The time in between Friday and Sunday was a place of unknown certainty. What were they going to do now? It probably felt like they were living a nightmare. But it was also the Sabbath. A day that God created to grant us rest, to make us whole, and to provide for our weaknesses.

What felt like the end was really a time of restoration. A time to rest. A time to be made whole. I’m sure in the face of disbelief that was the last thing on their minds, but after everything they had endured, God gave them the time in between to be restored. They didn’t know it at the time, but what they thought was defeat was just a time of restoration before great victory. 

It feels like I’m in the time in between Good Friday and Easter Sunday. I’ve weathered many storms, faced defeat and heartache, but this is not the end. This is a time to rest and be made whole. Even in the midst of sorrow and grief, God is restoring me. And yes, Sunday is coming!

The Greater the Valley, the Greater God’s Love

If there is one thing that I have come to know during this trying season, it’s that the Lord is close to the brokenhearted and He saves those who are crushed in spirit (Psalm 34:18). I can honestly say that though this has been one of the most difficult times in my life, it has also been one of the sweetest.

At first, I resented the fact that God choose a life filled with suffering for me. I don’t understand why I have had to endure some of things that I’ve gone through, but I’ve also come to realize that the greater the depths of our valleys, the greater we come to know the depths of God’s love for us.

When you are at a place in life where you are desperately clinging to God to sustain you, you come to know Him as more than just words on a page. You know Him as Savior, not just because He saves, but because He has been your salvation. He is Comforter, not just because He comforts, but because He has wiped away all of your tears. He is Redeemer, not just because He redeems, but because He has reached down and rescued You.

Christ has become more real to me in this valley than on any mountain top I have ever stood on. Mountain tops aren’t wrong or less than, just different. I’ve come to know Christ in a different way and had I not been through this valley, I don’t know if I would have ever experienced this facet of my walk with the Lord.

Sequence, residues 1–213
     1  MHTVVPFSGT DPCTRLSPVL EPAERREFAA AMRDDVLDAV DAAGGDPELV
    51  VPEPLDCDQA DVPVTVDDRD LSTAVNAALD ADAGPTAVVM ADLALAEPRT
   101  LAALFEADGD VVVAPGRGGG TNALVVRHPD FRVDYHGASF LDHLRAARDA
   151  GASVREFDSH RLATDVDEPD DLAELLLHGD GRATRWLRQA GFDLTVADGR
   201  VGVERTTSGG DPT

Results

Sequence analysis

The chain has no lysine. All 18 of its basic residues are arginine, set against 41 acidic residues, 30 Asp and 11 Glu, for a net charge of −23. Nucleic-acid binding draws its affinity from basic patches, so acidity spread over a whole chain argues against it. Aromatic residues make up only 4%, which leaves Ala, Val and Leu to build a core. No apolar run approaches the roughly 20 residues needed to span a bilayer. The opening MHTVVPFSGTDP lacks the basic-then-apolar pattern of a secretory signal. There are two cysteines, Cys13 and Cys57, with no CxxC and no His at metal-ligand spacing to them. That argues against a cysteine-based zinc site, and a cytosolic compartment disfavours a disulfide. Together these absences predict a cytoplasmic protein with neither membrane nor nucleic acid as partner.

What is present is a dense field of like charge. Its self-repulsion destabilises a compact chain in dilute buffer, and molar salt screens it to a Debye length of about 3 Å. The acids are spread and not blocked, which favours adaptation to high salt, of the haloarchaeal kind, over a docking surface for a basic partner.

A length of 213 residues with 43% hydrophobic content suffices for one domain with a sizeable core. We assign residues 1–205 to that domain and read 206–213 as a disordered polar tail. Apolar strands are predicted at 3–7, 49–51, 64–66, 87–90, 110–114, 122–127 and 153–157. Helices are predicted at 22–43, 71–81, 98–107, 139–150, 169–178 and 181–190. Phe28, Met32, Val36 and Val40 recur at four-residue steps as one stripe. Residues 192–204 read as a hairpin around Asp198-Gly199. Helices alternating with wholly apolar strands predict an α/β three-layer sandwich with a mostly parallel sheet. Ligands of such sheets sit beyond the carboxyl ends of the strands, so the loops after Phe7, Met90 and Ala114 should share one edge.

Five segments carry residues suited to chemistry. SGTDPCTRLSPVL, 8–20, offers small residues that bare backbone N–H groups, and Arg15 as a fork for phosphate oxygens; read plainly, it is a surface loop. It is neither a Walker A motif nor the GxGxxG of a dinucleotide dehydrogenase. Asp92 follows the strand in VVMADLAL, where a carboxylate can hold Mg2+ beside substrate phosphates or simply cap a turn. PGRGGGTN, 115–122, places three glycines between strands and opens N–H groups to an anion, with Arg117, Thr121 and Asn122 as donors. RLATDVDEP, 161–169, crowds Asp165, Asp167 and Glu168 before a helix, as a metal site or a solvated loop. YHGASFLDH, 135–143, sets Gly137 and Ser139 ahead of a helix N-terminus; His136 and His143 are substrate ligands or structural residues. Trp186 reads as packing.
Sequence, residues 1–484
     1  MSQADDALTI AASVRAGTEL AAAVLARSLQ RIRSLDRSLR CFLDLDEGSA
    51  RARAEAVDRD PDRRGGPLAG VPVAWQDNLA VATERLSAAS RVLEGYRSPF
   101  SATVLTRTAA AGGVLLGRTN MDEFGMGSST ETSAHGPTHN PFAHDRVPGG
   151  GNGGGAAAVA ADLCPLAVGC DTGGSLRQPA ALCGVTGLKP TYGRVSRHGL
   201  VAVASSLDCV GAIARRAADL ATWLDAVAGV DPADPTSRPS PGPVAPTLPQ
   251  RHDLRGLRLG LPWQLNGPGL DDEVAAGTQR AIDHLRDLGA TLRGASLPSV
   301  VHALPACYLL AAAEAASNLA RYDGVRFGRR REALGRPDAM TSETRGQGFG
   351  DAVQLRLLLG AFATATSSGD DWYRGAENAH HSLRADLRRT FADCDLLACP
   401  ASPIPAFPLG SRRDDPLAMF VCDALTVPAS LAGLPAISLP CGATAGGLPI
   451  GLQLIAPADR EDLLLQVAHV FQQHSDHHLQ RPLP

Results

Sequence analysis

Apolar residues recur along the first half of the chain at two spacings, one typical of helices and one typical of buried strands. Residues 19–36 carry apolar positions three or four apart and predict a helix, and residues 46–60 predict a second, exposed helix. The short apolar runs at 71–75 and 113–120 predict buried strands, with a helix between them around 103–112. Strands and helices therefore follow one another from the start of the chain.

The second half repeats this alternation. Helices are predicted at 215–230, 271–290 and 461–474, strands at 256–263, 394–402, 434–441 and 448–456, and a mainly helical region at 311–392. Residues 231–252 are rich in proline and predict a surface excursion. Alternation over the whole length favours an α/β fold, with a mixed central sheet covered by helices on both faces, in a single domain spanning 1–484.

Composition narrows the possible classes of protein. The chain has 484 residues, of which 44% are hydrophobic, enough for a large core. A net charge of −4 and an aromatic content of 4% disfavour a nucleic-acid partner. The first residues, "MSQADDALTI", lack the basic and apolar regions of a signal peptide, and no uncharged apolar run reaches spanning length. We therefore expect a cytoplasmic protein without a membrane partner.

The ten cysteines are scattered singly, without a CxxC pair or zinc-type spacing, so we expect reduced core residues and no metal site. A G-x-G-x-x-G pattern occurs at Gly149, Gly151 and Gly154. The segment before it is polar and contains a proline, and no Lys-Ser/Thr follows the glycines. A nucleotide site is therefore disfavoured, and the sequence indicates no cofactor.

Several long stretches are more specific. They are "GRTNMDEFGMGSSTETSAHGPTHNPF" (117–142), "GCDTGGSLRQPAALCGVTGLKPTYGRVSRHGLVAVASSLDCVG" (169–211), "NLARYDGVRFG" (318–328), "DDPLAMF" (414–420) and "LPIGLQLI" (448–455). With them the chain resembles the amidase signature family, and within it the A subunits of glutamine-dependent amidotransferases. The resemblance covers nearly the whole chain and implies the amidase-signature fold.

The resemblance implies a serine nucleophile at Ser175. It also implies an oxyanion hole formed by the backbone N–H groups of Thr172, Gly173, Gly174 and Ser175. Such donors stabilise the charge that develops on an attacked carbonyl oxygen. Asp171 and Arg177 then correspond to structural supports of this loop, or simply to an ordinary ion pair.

I don’t think you can substitute the things you learn in the valley, unless you actually go through the valley. You can’t read about it, watch someone else go through it, or sit on the sidelines. Going through the valley makes you stronger, more resilient, and refined by His fire into more of His likeness.  There’s no other way. You can’t go around it, jump over it, crawl underneath it; you have to go through it.

And as hard as it may be, it’s worth it. Every single miserable second in this awful valley is worth the richness that I have found in my walk with the Lord.

So, if you are walking through the valley, let God take you by the hand and lead you through it. Just you and Him. No one or nothing else will satisfy. Savor these moments when He draws you into His chest and whispers into your ear, “You are mine”. He will be your refuge and strength. He will protect you and guide you. You will get through this. Maybe a little battered and bruised, but you will experience Him in a deeper way than ever before. He will become your all in all. His grace will be sufficient. He will be more than enough.

Set Your Mind on Things Above

I’m a thinker. Ask my husband and he’ll tell you I’m an over thinker. I can’t stop thinking of something until I have reached a satisfactory conclusion. Then, I neatly place all those thoughts in a box, tie it up with a pretty bow and tuck it away for safe keeping. No lose ends. Everything makes sense and is taken care of.

I want life to be like that. I don’t want unresolved issues. I want everything to make sense even if it means I cram every last loose end into that box and sit on it to make sure everything fits.

But most of the time life isn’t like that.

Things don’t make sense. Things remain unresolved. Things won’t fit into my nice and neat box even if I tried. 

I’ve got a million things floating around in my head looking to be put in a box and tied up with a pretty ribbon, but the reality is that some of those things will never find their way into a box. They will remain messy and unanswered. The more I try to cram them into a box, the more they will resist and refuse. 

So how can a person like me, who wants all things in life to be resolved and put up in a pretty box, let those things go?

Colossians 3:2 says, “Set your minds on things above, not on earthly things.”

Stop dwelling on unanswered questions. Stop looking for resolutions. Stop trying to devise a way justice can be served. Stop trying to make sense of it all.

God is on His throne. He is working in you to will and to act in order to fulfill His good purpose. He’s in control of everything. If He needs you, He knows where He can find you.

Instead, let Christ take captive every thought and fill your mind with His promises. It’s His promises that will preserve your life.

So toss aside the box and the pretty bow. Let that be God’s gift to you in His time and in His way.